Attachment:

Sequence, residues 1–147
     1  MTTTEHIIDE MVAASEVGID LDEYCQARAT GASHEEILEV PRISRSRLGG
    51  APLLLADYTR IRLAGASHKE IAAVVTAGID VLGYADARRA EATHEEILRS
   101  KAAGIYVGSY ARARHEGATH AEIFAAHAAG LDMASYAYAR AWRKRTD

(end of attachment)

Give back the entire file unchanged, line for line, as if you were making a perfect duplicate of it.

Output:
Sequence, residues 1–147
     1  MTTTEHIIDE MVAASEVGID LDEYCQARAT GASHEEILEV PRISRSRLGG
    51  APLLLADYTR IRLAGASHKE IAAVVTAGID VLGYADARRA EATHEEILRS
   101  KAAGIYVGSY ARARHEGATH AEIFAAHAAG LDMASYAYAR AWRKRTD